In certain memoirs of the life of Frederick the Great, it is related, that aspiring after the fame of a philosophical reasoner, he was much inclined to exercise his tal
ents now and then in disputing with the learned men of bis court. Accordingly he used, at his leisure, to send for the philosophers whom he kept in waiting, to reason with them ; professing, the meanwhile, that he laid by the monarch and put himself on equal footing, and encouraging them to be free and do their best. But if any one of them happened to invalidate his own arguments, or to get the better of him in any way, he instantly flew into a violent passion, and bestowed upon the offender the most scurrilous epithets. The memoirs further relate, that at one of his literary entertainments, when, in order to promote free conversation, he reminded the circle that there was no monarch present, the conversation chanced to turn upon the faults of different governments and rulers. General censures were passing from mouth to mouth with a kind of freedom which such hints were calculated, and apparently intended, to inspire. But Frederick presently put a stop to the topic, by exclaiming, “ Hold your peace, gentlemen, be upon your guard, else the king will be among you."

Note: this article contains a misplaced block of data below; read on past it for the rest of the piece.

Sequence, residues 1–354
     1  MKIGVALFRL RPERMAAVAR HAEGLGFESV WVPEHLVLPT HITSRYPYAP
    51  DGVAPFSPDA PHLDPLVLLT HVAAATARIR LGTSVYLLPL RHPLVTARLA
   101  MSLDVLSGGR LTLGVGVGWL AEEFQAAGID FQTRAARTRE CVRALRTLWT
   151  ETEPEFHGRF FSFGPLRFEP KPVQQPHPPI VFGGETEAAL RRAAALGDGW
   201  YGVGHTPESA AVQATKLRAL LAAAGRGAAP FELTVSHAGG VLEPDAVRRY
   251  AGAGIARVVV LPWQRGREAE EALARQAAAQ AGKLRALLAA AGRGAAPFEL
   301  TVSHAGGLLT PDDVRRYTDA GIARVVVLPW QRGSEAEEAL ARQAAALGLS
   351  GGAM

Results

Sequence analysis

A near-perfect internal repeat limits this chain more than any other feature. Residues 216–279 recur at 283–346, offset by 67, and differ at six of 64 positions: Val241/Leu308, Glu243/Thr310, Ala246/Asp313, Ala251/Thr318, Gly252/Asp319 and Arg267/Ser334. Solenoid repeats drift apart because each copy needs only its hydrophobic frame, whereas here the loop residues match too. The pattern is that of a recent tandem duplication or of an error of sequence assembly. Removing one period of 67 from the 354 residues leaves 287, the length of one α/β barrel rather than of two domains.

This instance, while it speaks the imperious, insolent, despot, is characteristical of our general nature. Of disputants, in all ages of the world, there have been but few that were scrupulous of using all the means in their power, to baffle, bear down, and silence, their opponents; but few, whose unfairness of manner and bitterness of temper have not furnished clear proof that they were more actuated by the proud desire of victory than by a sincere regard to truth ; very few, who have shown themselves willing, in all cases, to give truth fair play. Contrariwise, men, that are naturally, or by custom, of a disputatious temper, seldom are so, for truth's sake. Generally, something else than the love of truth, has the strongest hold of their hearts.